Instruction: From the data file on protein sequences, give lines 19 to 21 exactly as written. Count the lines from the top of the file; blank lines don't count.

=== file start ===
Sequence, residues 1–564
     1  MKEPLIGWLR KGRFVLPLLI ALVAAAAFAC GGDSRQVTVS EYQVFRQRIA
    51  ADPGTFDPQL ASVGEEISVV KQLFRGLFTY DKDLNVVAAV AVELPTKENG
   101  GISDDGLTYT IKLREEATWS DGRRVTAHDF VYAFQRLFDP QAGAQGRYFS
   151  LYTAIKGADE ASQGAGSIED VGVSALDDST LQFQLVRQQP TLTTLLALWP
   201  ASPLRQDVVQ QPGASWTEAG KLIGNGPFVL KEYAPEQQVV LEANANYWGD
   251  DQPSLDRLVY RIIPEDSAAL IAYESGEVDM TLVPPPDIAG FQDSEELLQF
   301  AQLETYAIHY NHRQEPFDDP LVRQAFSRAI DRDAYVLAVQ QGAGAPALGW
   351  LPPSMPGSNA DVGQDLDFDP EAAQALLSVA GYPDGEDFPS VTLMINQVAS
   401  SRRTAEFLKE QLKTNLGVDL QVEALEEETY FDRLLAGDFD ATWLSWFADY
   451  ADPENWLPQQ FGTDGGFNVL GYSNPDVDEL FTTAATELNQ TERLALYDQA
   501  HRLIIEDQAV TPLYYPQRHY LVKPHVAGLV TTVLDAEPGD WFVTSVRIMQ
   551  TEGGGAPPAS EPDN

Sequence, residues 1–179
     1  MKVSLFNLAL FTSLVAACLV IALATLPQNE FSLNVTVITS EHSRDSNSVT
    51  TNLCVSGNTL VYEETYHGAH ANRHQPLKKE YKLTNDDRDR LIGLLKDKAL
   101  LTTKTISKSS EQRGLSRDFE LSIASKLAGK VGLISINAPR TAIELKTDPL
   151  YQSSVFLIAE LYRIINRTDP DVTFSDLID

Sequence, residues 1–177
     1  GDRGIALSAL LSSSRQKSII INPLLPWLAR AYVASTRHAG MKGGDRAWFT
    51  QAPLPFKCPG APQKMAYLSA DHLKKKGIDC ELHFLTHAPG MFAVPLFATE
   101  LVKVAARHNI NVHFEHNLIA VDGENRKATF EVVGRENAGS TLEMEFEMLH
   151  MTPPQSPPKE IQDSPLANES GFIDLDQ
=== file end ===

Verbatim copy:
Sequence, residues 1–177
     1  GDRGIALSAL LSSSRQKSII INPLLPWLAR AYVASTRHAG MKGGDRAWFT
    51  QAPLPFKCPG APQKMAYLSA DHLKKKGIDC ELHFLTHAPG MFAVPLFATE